Recent activity

Re: Stack head using the clone3 system call 10 days ago

From Christopher Wellons to ~skeeto/public-inbox

You've almost got it. You just need to fix three mistakes in two lines of 
newthread. The first two you can reason about by dimensional analysis.

1. "count" should be the number of stack_head objects that fit in the 
stack, not thread_stack objects. I suspect this is a typo.

2. Since "count" is a number of stack_head objects, pointer arithmetic 
involving it should be in terms of "stack_head *" pointers, not raw bytes 
("void *"). The stack high end is the last element of a "stack_head array" 
that forms the tack. (Note: And *not* "one past the end." You did not make 
this mistake, but I want to highlight it. The last stack_head element is 
just beyond the stack as seen by the thread, serving as a kind of metadata 
much like argc+argv+envp+aux on the main thread stack.)

Re: Stack head using the clone3 system call 24 days ago

From Christopher Wellons to ~skeeto/public-inbox

I'm glad to see that you've given this a shot! You're quite close, but 
there area a few subtle details to sort out.

First, unlike clone(), clone3() takes a pointer to the low end of the 
stack, which is mentioned on the man page. The original clone() does not 
know the stack size, so it takes a pointer to the high end, as otherwise 
the kernel could not find it. That simplified my demo, too. So you must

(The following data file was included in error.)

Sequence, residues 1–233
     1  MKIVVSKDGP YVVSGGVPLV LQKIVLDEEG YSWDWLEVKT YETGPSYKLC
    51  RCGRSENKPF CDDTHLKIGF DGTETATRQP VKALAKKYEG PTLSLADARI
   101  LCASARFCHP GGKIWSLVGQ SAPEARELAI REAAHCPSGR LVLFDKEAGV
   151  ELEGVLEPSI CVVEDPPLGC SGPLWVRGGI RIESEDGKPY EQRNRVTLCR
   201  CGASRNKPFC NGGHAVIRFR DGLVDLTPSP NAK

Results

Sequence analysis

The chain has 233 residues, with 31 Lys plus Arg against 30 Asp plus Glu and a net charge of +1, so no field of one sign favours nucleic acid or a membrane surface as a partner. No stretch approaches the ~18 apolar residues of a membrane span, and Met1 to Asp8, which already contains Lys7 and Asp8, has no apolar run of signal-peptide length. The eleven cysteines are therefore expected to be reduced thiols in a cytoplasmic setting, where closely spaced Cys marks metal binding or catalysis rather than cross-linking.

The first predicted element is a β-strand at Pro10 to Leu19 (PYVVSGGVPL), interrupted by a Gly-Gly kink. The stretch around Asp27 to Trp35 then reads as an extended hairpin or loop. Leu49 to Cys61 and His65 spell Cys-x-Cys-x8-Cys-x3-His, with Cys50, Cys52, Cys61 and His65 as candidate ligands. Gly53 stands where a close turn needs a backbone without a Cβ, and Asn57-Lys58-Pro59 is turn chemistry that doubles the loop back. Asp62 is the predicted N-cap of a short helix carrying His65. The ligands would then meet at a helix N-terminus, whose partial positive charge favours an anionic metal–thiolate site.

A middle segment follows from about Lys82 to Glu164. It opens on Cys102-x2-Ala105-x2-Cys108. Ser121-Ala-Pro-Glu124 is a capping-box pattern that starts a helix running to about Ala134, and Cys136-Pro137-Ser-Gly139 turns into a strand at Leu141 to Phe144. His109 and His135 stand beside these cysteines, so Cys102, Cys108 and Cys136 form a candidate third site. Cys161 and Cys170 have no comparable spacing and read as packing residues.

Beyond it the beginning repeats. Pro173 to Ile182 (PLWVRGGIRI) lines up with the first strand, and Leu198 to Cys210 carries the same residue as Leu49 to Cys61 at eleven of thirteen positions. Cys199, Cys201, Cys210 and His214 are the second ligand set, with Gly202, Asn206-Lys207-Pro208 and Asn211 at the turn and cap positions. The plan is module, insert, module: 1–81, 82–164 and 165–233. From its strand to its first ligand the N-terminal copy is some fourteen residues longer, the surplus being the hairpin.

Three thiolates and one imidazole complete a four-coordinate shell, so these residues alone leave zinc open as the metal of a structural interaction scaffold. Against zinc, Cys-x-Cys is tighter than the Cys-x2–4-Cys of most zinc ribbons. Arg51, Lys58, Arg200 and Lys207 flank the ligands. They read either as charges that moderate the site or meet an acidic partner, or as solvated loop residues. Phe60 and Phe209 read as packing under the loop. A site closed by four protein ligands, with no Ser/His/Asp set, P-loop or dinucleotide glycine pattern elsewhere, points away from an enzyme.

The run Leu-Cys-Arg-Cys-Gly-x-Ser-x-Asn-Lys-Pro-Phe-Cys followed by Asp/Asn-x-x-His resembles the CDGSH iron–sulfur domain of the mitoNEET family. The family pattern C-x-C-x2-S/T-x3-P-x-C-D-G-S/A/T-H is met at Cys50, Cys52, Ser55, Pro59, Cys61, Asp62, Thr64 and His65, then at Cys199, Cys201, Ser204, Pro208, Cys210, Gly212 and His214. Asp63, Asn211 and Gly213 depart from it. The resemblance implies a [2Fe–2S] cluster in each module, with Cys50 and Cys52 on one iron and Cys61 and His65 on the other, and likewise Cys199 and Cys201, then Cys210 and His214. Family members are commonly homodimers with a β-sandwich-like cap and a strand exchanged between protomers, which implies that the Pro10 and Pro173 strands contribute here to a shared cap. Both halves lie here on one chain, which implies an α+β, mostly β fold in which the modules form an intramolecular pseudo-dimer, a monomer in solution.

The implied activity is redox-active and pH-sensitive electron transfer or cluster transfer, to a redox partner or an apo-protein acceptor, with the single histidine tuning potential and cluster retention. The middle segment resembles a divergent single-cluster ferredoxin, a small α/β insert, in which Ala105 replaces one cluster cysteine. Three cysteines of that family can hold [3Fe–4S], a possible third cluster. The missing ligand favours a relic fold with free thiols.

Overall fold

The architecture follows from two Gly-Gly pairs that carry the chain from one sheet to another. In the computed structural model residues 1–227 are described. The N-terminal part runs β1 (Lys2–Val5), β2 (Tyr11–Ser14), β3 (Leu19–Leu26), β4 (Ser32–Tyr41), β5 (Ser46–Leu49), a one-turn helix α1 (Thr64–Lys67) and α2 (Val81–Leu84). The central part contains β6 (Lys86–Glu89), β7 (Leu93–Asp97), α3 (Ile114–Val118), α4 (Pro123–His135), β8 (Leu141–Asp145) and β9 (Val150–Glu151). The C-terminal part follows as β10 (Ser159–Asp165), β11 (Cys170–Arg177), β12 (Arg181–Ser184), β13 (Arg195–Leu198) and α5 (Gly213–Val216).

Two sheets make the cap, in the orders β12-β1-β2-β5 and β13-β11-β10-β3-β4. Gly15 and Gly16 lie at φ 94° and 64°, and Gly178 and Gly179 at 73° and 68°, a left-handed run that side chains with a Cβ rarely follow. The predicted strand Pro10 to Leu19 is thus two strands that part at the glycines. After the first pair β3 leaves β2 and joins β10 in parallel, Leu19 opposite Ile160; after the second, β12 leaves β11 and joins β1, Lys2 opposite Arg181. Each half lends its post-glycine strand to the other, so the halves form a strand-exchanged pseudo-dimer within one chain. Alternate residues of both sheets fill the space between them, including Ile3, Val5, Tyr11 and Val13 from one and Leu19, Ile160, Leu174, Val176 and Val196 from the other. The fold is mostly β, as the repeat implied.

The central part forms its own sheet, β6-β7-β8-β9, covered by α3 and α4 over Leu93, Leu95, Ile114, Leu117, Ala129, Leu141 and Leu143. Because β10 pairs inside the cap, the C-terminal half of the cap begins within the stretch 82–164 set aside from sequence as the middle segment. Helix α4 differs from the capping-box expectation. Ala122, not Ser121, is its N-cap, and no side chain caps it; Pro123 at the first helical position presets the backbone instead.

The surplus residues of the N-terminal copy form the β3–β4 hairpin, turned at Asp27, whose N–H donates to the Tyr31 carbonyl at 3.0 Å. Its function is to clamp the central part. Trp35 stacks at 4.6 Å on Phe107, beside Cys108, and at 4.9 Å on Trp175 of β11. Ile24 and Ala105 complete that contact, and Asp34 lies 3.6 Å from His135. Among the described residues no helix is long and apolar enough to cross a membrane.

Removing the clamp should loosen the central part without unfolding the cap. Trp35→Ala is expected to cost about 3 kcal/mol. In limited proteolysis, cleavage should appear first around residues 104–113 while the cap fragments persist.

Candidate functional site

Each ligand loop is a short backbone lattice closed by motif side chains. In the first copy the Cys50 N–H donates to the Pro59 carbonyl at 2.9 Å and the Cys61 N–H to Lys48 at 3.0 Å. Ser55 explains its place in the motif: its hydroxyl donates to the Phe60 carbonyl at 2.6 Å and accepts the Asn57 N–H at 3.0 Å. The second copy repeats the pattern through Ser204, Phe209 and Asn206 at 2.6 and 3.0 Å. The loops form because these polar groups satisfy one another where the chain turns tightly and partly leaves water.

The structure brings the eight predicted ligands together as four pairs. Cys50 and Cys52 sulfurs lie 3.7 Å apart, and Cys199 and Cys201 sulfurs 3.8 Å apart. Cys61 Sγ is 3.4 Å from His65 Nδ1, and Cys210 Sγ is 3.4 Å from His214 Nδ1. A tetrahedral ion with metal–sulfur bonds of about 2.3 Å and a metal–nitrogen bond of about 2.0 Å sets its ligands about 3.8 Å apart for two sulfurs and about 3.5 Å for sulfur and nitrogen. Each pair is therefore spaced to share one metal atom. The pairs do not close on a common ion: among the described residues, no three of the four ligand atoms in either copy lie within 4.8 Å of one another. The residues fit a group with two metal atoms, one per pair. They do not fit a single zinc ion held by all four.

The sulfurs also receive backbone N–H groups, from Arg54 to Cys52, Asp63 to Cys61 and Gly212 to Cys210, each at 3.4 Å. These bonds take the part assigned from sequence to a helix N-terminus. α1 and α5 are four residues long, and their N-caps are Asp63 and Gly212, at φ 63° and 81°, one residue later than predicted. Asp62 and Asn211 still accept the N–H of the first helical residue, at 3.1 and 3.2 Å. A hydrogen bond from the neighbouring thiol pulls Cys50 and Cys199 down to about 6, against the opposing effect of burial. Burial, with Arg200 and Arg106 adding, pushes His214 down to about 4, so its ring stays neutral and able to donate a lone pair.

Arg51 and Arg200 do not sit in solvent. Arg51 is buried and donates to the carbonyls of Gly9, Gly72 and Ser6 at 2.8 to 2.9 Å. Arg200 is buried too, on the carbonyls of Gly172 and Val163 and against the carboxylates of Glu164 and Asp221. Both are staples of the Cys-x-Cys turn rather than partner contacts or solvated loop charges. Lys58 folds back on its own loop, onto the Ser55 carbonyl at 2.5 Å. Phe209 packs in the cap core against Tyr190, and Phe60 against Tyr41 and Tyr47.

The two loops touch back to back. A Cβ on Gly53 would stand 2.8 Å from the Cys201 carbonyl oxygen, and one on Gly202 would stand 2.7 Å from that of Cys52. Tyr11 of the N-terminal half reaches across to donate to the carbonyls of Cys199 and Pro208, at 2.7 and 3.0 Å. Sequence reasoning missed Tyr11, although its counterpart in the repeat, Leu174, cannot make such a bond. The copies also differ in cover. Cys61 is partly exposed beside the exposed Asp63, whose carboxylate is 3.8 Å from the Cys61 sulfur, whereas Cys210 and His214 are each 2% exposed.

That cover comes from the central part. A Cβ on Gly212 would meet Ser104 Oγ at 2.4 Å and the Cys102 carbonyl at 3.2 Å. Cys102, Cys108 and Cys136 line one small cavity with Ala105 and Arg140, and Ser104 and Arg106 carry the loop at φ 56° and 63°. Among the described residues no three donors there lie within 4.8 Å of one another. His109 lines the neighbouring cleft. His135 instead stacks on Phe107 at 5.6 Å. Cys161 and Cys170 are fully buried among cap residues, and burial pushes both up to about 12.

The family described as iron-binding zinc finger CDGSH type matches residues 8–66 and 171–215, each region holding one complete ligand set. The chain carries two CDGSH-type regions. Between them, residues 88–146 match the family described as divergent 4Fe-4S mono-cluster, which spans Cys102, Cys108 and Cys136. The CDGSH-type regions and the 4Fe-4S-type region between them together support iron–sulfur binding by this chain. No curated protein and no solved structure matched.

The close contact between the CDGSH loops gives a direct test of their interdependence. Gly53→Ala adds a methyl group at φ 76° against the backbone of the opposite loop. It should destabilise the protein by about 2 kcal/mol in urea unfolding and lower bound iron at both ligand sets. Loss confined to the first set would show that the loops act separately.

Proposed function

modify newstack() to return both ends of the stack, the high end for you 
to populate and the low end to give to the kernel. I defined this to be 
returned from newthread():

typedef struct {
    void       *tail;
    stack_head *head;

Re: 24 days ago

From Christopher Wellons to ~skeeto/public-inbox

Thanks for the links, Ljubomir. I knew about Arabesque of course, but the 
Alan Zintz tutorial is new to me. When choosing a recommendation I look 
for a text that begins with the fundamentals followed by an opinionated 
(with good taste) guide of how to apply them. This old tutorial does not 
quite fit, but my usual recommendation, Practical Vim (Drew Neil), does 
exactly that. In another direction is the Vim manual, which is thorough 
and covers every last detail, but lacks an opinion on how to use all that 

Re: An easy-to-implement, arena-friendly hash map a month ago

From Christopher Wellons to ~skeeto/public-inbox

> How did you figure this out?

(I just remembered I forgot to respond to this.) I wrote my first attempt 
in C++ using operator overloading in order to have nice ergonomics while I 
got the hang of relative pointers, and GCC's optimization punished me for 
misuse of char* pointer arithmetic:

While that was mostly a result of being cheeky in my test, using local 
variables rather than a proper arena, I expect it's necessary even with 
arenas when also using the "malloc" function attribute. It specifically 
declares that returned pointers are unrelated, and therefore cannot be 
compared using char*. So uintptr_t is really the only safe way to do it.

Re: An easy-to-implement, arena-friendly hash map a month ago

From Christopher Wellons to ~skeeto/public-inbox

Great question, Angel!

That part isn't so simple and pretty, which is why I had suggested an 
intrusive linked list. It turns it a hash trie into a "linked hash map" 
where the list order is independent of the hash trie, and iteration is as 
simple as traversing that list. It could track, say, insertion order, or 
you could sort it — mergesort goes well with linked lists — all without 
disrupting the underlying hash trie.

If you'd like to see hash trie iteration, I wrote an example iterator over 
an integer hash set (iter, newiter, iternext):